Forcefield is a hop whopper of epic magnitude. Its creation required a Texas-sized load of the bitter and aromatic “C-hops” — Citra and Cascade, mainly. It also features a lesser-known variety of hops called Jarrylo, known for spicy zest. Together, they offer tropical fruitiness on the nose, eliciting a mouth-watering response before the pint glass is even raised to lips.

Once you go in for the kill, your palate will be rewarded with the beer’s deceptively light body. It goes down with alarming ease for a 9 percent ABV imperial ale, mobilizing a swift assault on your sobriety. In the end, bitterness is contained through a strategic deployment of malt in the finish.

Forcefield was brewed earlier this year on Staten Island — a place that, to most New Yorkers, remains as mysterious as Jade Helm. Brewed in limited quantities, it might soon vanish without a trace. But don’t be too paranoid: The proprietors of Pony Bar in Hell’s Kitchen claim to currently have it on draft — and we have a hunch you can trust them. That, or it’s a sinister plot to get you drunk. Keep your wits about you, folks. Trust no one! Except maybe your bartender.


 

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Bad Turn Worse Plays Like a Superior ’90s Indie Crime Drama

From the opening robbery in a hard-land gas station, Simon Hawkins and Zeke Hawkins’s Bad Turn Worse floors it straight into the past — it plays like one of the best of those chatty, reflexive, standoffs-and-monologues crime indies every young dude in L.A. whipped up after Tarantino hit.

Deep into the third act, one character actually says, “Now you’re bluffing”; another, after announcing a betrayal meant to upend our understanding of what’s been going on, executes a little bow. (That one’s also tasked with proving the film’s un-PC bona fides, saying, “No reason you’d kill someone who exists, right? Just fucking Mexicans!”) After blowing thousands of (stolen) bucks on one dumb casino weekend, three Texas teens find themselves entangled with nowheresville murderers/gangsters/whatevers, led by Mark Pellegrino as a speechifying lowlife always happy to off someone other than the heroes to make a point.

Those heroes, meanwhile, number two dopey, hobbit-y dudes and one long-limbed tomboy who spends the movie fending them off, falling toward both, and outsmarting everyone else. Played by Mackenzie Davis, she’s complex and appealing and far and away the best thing here. (She’s also consistently subjected to threats of sexual violence.) For all its familiarity and rote nastiness, the film’s sharply crafted and quite promising.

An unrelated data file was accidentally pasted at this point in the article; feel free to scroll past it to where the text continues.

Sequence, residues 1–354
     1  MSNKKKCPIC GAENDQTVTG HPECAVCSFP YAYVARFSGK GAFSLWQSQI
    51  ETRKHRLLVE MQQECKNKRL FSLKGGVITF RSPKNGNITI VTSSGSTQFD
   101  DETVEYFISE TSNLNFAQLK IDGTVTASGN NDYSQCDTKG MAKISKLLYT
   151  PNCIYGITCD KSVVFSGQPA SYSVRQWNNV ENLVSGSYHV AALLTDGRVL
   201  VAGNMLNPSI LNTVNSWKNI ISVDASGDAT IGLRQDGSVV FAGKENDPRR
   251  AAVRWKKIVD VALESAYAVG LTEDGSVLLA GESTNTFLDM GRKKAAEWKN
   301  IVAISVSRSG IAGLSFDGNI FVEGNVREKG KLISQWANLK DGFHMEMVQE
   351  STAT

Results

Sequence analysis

True to its meta ilk, Bad Turn Worse includes lots of talk about how stories work — Jim Thompson is quoted — and a climax in which the bad guy compares what he’s doing to the plot twists in Gladiator and Rocky II. But such thoughts about narrative remain no substitute for a surprising and involving one, which screenwriter Dutch Southern never quite nails.

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Darius Clark Monroe’s Personal Crime Doc The Evolution of a Criminal Is a Marvel of Feeling

Vital, thoughtful, and deeply personal, first-timer Darius Clark Monroe’s autobiographical doc stands as a testament to the power of movies to stir empathy. At age 16, honor-student Monroe had grown sick of seeing his hardworking family struggle to keep up with its bills. He had dabbled in employee-theft at the Venture store where he worked after school. Next, restless and foolhardy, he set his criminal sights higher, corralling a couple of friends and busting into a Stafford, Texas, Bank of America. Monroe wore a skeleton mask, one accomplice wielded a sawed-off shotgun, and a couple hours later Monroe’s mother found a shoebox on her bed filled with thirty grand.